Isolated Canadian islanders worried by tighter US border

Campobello residents must cross the border to reach the rest of Canada and daily necessities. A passport will soon be required.

Residents of Canada's Campobello Island cross into the United States all the time, and they don't have any choice in the matter. For most of the year, it's the only way they can get to the rest of their country.

A short bridge ties the 10-milelong island to Lubec, Maine, at the eastern tip of the United States. For 10 months of the year, the bridge and an hourlong drive through Maine to New Brunswick is the only way for Campobello's 1,200 year-round residents to reach the rest of Canada. It's also the only way to a gas station, movie theater, or hospital.

Anything the islanders can't get or do on their quiet, forested bit of land requires international travel. But as the United States tightens its borders, Campobello Islanders' are feeling the pinch. Islanders are particularly concerned about US plans to require all persons driving into the US from Canada to have a passport as of Dec. 31, 2007, rather than just a photo ID, as has been the case for decades.

Since the Sept. 11 attacks, crossing the border has become steadily more difficult, raising concerns among Campobello residents that, at the drop of a hat, they could find themselves cut off from the rest of the world.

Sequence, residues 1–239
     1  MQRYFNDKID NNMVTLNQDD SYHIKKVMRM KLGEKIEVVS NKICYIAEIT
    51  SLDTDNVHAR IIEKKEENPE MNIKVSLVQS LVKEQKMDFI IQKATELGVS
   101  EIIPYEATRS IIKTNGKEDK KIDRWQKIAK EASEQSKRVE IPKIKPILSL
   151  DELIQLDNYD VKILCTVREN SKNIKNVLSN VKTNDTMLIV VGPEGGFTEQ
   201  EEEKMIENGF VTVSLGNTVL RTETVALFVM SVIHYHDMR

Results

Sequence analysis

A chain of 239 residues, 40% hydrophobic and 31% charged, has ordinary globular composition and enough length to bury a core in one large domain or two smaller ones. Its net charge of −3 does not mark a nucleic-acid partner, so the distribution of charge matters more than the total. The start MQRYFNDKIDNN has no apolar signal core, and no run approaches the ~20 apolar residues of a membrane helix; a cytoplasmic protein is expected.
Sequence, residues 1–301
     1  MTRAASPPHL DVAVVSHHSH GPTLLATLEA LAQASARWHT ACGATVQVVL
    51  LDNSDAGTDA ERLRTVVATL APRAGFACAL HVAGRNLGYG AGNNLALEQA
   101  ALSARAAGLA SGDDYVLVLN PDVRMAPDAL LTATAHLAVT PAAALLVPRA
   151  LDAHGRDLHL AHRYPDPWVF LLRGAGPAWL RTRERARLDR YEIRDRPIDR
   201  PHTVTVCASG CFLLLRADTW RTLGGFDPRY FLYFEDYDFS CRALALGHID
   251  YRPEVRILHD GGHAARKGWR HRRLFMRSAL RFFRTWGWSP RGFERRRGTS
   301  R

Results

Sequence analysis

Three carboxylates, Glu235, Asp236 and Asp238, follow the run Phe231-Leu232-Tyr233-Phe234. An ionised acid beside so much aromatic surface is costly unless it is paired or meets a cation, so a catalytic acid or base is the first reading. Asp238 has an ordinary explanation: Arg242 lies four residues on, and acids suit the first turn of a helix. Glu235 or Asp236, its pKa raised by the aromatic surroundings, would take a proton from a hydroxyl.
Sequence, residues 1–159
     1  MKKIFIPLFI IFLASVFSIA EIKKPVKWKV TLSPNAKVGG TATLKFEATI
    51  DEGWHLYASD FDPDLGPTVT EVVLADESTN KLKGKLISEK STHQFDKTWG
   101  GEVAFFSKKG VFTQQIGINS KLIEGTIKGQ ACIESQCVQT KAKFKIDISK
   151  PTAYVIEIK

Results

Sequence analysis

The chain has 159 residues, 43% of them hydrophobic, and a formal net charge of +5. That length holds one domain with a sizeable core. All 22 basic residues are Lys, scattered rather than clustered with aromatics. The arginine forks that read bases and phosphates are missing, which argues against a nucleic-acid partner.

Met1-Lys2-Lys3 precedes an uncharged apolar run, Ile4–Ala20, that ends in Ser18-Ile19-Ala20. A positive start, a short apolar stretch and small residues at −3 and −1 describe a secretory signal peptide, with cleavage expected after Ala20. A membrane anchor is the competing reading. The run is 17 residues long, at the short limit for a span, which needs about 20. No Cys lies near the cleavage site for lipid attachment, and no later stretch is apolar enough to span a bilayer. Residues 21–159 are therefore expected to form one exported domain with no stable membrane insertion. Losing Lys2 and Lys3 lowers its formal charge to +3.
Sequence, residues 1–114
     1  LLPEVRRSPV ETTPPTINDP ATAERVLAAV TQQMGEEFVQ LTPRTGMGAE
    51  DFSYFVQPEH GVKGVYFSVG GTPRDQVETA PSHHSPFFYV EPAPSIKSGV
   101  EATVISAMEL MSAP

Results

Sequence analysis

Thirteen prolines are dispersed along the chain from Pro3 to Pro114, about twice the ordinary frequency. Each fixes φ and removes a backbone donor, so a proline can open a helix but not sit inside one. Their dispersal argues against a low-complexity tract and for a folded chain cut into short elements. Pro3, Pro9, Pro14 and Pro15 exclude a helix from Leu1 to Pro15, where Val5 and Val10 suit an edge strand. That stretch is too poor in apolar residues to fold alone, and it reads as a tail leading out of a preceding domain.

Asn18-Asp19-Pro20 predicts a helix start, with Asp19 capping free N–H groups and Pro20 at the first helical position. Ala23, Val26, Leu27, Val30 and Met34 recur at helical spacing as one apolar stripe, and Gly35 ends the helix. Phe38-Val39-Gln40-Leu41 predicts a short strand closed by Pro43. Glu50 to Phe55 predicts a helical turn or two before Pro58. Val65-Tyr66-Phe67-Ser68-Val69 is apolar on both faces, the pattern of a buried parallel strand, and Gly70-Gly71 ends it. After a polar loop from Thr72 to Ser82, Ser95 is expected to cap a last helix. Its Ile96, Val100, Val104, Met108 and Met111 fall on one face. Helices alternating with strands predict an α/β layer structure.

"Before 9/11, the bridge was just a way to get across the water," says resident Robert Hooper, a real-estate agent. "Now we're always wondering, if something happens and the US closes the border up, what are we supposed to do?"

For generations, residents of Campobello, Lubec, and other communities on the US's easternmost frontier hardly paid a thought to the border. The ease with which they crossed between the two countries meant Canadians and Americans dated and married one another, and gave birth to their children in one another's hospitals. Their fire departments responded to each other's emergencies.

"We do have a store here now, so a lot of people buy their food here," says resident Mackie Green, who takes tourists out to see the fin, right, and humpback whales that feed along Campobello's rocky, tide-swept shores in summer. "But there are brands you get used to that can only be found on one side or the other, and since you have to go over for gas anyway, you might as well pick up something."

Now, not only will islanders one day need a passport to drive off the island – passports are required for air and sea crossings even sooner, starting Dec. 31, 2006 – so will anyone else wishing to visit their island.

"Consider the sports leagues in the schools," says Eric Allaby, who represents Campobello and two neighboring islands in the provincial legislature. "Teams from the other schools couldn't come to Campobello unless every child has a passport, even kids from Lubec," who currently play them all the time.